Much to my chagrin, the other plotline was likewise Jack-centered and way too soapy and sappy for my liking. It took place in Heaven, where Castiel repaired to in order to pull Jack’s soul back into his body for Lily’s spell to work. There Jack was pursued by The Empty that wanted to claim him and take him where he actually belongs as half-angel. In order to save Jack, Castiel makes a deal with The Empty and offers himself in his stead. He says that he will go willingly as long as Jack goes home and expects to be taken right away as he reassures Jack that he made peace with his decision and that he is fine. However, The Empty has no intentions to take him now: “I want you to suffer. I want you to go back to your normal life and then forget about this and forget about me. And then, when you finally give yourself permission to be happy and let the sun shine on your face, that’s when I’ll come. That’s when I’ll come to drag you to nothing.” Castiel accepts the deal but tells Jack not to tell Dean and Sam so that they didn’t worry. Having technically saved Heaven from The Empty, Castiel gets rewarded by learning the possible location of Michael.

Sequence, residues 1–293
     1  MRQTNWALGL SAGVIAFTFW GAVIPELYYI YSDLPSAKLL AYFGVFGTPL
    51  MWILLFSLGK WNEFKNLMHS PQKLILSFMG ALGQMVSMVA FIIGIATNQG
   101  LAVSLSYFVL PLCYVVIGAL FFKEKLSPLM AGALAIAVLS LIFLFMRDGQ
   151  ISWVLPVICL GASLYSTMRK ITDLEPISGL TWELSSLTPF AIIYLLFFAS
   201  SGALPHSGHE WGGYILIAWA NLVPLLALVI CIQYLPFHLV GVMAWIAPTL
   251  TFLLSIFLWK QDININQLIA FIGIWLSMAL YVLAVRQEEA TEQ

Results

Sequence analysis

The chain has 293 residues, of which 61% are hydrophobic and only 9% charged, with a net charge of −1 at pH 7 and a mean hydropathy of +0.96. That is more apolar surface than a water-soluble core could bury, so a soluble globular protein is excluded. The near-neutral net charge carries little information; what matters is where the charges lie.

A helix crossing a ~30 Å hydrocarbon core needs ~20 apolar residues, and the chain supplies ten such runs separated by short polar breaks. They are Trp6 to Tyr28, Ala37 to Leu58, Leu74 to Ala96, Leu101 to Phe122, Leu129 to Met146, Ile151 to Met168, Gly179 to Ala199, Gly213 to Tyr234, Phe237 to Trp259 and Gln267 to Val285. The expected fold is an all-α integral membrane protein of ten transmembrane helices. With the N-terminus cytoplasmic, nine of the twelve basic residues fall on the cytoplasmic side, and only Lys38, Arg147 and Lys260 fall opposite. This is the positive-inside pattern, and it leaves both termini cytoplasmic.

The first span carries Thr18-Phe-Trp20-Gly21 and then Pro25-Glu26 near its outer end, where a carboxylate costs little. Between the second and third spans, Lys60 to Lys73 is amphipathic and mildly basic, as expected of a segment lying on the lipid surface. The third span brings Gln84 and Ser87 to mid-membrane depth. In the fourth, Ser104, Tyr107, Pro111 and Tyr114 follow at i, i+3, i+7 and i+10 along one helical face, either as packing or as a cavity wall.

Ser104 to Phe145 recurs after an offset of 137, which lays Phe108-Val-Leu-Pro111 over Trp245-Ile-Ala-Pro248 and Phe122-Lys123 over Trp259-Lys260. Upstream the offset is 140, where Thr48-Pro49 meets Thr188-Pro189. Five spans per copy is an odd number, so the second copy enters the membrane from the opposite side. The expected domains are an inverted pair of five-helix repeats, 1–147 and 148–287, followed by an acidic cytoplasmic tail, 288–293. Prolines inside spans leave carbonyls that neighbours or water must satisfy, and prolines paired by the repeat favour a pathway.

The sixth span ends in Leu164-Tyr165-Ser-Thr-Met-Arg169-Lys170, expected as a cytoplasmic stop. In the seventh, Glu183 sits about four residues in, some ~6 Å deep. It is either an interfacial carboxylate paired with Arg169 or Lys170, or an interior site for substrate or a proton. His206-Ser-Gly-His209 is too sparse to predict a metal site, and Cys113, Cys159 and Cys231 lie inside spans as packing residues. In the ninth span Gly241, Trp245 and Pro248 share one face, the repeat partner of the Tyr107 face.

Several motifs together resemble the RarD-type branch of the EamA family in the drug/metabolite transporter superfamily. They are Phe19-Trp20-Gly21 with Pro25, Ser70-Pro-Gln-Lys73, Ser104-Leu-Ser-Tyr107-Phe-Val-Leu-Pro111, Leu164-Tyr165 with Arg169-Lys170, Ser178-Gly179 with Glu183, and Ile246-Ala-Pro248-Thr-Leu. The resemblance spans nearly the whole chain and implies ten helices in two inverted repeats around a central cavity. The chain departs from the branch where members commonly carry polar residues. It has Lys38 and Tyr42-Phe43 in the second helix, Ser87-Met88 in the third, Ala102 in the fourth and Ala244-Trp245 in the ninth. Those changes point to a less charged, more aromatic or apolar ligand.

I must mention a moment that just about broke my heart. It was just after Jack died and Dean called Mary to tell her about what happened but had to leave a message on her voicemail with a resigned look on his face that pretty much confirmed that she continues to be unavailable. “Anyway, to tell you the truth, it would really be nice to hear your voice. If you could, uh, just call us back.” I just bet she doesn’t call them back often and they rarely get to hear her voice. And that’s just not right.
I feel more and more discouraged with each new episode, most of which I find mind-numbingly boring. I no longer believe that Sam and Dean will reclaim their position as the main leads of the show or that they will have any interesting episodes and storylines this season that won't involve Jack and his never-ending troubles, trials and tribulations. I also have a strong feeling that this could be the last one, because the showrunner is deliberately sabotaging the show with his inexpert management of the story, lazy attitude that results in countless plotholes and inconsistencies, and his complete lack of interest in the main characters. I also seriously consider giving up on the show... but I know that I can't.